The Administration’s Budget for Global Poverty and HIV/ AIDS: How Do the Numbers Stack Up?

Lael Brainard
Lael Brainard National Economic Advisor - National Economic Council

February 24, 2003

Much is at stake as key players in the fight against global poverty scrutinize the Administration’s budget for fiscal year 2004. The President has promised major increases in funding for the fight against global poverty—through its Millennium Challenge Account—and HIV/AIDs. This short analysis examines how the Administration’s proposed funding compares with recent funding levels, using a range of possible “baselines.” It also examines how the Administration’s proposed funding levels for the Millennium Challenge Account and HIV/AIDS compare with the levels announced when the proposals were first put forward. The primary focus of this analysis is on the fiscal 2004 levels, but it also examines the levels proposed for future years.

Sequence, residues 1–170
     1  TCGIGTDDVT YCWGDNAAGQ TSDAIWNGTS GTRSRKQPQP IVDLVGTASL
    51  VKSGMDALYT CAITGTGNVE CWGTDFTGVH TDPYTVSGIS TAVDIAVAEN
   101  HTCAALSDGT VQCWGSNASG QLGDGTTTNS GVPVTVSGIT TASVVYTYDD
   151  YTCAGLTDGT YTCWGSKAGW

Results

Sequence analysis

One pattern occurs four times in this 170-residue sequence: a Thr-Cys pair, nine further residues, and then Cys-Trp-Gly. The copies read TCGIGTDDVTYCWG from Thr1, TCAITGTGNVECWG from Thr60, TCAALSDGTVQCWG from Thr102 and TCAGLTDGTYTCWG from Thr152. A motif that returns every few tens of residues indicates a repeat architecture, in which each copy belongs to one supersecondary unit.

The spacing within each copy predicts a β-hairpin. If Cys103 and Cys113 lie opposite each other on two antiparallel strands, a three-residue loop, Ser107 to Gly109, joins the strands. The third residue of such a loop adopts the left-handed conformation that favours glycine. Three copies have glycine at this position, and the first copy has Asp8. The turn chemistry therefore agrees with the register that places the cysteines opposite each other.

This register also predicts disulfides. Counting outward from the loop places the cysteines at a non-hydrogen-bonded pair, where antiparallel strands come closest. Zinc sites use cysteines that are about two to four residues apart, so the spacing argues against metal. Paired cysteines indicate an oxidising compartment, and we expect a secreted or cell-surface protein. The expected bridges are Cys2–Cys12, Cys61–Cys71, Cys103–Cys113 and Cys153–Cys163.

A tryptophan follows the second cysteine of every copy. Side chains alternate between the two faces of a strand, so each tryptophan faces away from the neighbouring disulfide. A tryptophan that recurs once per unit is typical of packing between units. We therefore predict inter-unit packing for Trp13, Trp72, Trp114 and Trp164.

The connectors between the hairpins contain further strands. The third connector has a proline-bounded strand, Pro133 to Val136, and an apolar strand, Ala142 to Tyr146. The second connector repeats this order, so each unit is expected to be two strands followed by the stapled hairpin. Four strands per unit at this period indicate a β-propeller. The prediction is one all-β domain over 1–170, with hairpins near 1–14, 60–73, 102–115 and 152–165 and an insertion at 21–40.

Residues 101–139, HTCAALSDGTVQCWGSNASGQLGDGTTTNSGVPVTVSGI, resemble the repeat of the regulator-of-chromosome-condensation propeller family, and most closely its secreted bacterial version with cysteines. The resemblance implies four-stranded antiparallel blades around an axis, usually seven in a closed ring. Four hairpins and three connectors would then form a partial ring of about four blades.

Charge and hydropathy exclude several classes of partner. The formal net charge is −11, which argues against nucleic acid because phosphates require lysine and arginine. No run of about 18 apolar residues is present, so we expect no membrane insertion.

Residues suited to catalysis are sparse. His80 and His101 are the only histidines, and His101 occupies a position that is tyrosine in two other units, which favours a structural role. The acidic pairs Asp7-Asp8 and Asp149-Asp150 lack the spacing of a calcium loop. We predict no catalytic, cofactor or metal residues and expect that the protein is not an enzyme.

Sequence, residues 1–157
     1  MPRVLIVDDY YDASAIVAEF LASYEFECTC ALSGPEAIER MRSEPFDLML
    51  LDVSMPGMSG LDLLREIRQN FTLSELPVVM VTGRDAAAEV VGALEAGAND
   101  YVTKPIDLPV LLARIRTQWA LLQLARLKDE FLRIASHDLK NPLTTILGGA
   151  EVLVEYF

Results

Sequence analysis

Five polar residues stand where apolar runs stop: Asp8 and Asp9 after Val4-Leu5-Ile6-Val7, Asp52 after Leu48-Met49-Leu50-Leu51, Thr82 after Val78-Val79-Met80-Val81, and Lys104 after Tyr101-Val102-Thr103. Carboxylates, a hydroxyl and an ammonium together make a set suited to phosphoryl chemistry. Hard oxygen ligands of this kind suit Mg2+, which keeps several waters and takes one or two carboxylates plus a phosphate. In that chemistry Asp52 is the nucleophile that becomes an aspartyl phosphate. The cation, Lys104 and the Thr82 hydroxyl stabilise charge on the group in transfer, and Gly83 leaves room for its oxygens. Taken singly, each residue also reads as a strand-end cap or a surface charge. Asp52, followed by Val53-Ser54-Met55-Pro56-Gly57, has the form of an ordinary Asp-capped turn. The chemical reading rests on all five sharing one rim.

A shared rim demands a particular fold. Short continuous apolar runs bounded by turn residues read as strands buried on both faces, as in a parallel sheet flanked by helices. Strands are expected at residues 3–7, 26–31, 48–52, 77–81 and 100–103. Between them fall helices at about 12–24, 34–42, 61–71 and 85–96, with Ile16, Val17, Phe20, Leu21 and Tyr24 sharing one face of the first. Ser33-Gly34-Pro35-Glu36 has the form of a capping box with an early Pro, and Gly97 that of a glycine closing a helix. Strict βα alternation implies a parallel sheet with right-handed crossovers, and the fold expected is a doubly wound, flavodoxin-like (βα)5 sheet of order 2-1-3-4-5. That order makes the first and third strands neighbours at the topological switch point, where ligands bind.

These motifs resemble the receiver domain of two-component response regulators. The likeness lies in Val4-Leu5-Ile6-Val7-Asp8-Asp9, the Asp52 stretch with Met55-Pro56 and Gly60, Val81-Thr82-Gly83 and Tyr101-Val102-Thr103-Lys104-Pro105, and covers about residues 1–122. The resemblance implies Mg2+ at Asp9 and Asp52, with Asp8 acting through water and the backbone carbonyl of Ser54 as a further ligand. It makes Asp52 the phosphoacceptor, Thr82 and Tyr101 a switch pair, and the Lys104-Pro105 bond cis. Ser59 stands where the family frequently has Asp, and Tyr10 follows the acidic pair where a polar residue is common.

In short, this analysis finds that while the Administration would provide significant budget increases for global poverty and HIV/AIDS, and deserves credit for its heightened responsiveness to these critical challenges, the budget proposals nonetheless fall short of the Administration’s promises. The proposed level of funding for the Millennium Challenge Account for 2004 is 20 percent below the Administration’s own illustrative level of last summer. (Further, in what OMB officials have indicated privately is an error, the budget proposes only $1.35 billion for fiscal 2006, about one-fourth of the $5 billion annual level the Administration promised).

With regard to HIV/AIDS, the Administration budget includes $450 million for its new Global AIDS Initiative in 2004 and $300 million for Mother to Child Transmission. These proposals are important and welcome. However, the Administration’s claims of a $1 billion increase in FY04 and a $10 billion cumulative increase are relative to an unrealistically low baseline. A more realistic baseline suggests the net increase for fiscal 2004 is closer to $576 million, and the cumulative 5-year increase would likewise be lower.